Monday, 13 December 2010


We had lying snow for around 10 days and I saw no moths during that time: earlier species would have died off, and new specimens would be staying underground until the snow went away. Sure enough, the same day the snow thawed, I found two specimens of the December moth:

Male December Moth

These feed on broad-leaf trees as larvae, and adults can be found from October to January; their eggs staying dormant until the trees have leaves in April or May.

Note the very feathered antennae. These perform a very similar function to the gills on the underside of mushrooms. Feathered antennae are more sensitive, making it easier to find the female, thereby increasing the chances of reproduction. Mushroom gills increase the surface area for spore production, making more spores available and again increasing the chances of reproduction.

As I was taking the shots of the male above, I spotted a minute (3mm) Springtail on the wall just below it:

It looks to be the same species as the one I showed on a mushroom earlier in the year.

A trip to the frozen high area yielded very little. I did see the empty seedpods of Yellow Rattle:

Empty seedpods of Yellow Rattle

And this frozen puddle on the path had an entertaining spiral pattern:

Ice spiral on frozen puddle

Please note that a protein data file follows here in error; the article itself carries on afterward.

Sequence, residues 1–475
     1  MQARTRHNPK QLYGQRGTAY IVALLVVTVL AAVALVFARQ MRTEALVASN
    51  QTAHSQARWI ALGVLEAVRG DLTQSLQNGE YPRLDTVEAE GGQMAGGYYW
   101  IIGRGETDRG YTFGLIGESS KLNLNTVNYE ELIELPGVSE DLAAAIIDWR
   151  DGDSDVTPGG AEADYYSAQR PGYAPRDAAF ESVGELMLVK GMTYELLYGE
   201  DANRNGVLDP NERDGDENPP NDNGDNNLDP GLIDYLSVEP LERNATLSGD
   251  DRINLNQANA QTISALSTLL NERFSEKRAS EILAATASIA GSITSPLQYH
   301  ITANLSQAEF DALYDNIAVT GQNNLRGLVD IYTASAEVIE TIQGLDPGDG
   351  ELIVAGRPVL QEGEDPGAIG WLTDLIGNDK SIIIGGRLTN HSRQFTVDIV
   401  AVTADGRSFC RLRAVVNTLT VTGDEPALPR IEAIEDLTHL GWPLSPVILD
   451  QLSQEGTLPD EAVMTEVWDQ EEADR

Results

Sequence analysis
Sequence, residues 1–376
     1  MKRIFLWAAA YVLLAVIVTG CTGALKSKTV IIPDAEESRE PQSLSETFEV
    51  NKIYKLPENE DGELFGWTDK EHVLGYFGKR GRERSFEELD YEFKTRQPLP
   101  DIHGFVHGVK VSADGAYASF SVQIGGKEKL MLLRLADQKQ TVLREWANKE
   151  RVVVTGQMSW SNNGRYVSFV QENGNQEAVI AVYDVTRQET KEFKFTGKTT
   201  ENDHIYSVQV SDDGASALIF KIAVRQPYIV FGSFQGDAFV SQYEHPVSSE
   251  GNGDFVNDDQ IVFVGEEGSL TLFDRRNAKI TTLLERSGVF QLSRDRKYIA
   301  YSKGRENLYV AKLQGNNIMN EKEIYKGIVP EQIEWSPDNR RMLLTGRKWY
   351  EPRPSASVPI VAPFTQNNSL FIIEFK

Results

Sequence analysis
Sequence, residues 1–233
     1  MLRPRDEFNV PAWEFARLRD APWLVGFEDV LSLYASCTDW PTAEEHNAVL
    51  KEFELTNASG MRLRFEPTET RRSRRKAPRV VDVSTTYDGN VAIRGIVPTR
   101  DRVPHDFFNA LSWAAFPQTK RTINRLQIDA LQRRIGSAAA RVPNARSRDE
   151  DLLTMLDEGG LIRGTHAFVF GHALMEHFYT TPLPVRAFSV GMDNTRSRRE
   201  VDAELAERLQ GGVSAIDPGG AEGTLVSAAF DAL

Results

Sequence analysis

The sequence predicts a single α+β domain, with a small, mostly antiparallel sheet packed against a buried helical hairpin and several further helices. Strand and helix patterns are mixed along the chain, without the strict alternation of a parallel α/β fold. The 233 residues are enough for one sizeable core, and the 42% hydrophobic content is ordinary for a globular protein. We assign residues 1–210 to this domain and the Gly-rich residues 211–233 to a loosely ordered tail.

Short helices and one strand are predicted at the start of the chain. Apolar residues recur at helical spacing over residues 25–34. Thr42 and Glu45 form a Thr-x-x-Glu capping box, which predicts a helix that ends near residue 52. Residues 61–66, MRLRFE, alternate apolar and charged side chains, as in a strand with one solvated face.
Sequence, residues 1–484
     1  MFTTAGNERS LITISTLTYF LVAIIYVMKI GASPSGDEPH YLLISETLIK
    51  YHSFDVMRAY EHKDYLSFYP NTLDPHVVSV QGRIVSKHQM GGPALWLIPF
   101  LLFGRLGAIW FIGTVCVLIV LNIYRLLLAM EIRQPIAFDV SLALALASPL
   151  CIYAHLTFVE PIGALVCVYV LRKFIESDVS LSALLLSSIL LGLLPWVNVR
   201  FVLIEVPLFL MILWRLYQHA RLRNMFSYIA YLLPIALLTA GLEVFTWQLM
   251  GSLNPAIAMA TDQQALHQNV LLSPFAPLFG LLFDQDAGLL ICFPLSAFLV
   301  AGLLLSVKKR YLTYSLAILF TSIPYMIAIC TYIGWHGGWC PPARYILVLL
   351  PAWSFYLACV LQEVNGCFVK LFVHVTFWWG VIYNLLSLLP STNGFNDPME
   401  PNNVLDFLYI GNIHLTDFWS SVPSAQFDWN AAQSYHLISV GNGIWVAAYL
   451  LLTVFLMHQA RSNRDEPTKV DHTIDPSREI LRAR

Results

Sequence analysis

I just realised that the images for today are all virtually monochrome.

Friday, 10 December 2010

Background research

At this time of year I tend to do a lot of background research, since most of our wildlife is under the snow hibernating. During the summer, I bought a copy of "A Practical Guide to Nature Study" by J.H.Crabtree. It was published in 1924, so the material is at least 90 years old. The book deals with tools and techniques that assist with the task of studying our wildlife, and much of it is still relevant today. Having said that, as a keen photographer (he wrote books on photography, too), I'm sure he'd be astonished with our progress from film to digital.

J.H. shares his wealth of experience in collection, preservation and examination of plants, fungi and insects as you might expect, but his narrative is also peppered with references to the contemporary lack of education and awareness of the wildlife around us. He seems surprised that even in the early 20th century most school pupils couldn't identify many of our most common birds, trees or flowers. Given that I recently showed a photograph of a Bullfinch to a class of 11 year olds and was given a universal reply of 'Robin', I'm not sure that we've made a lot of progress.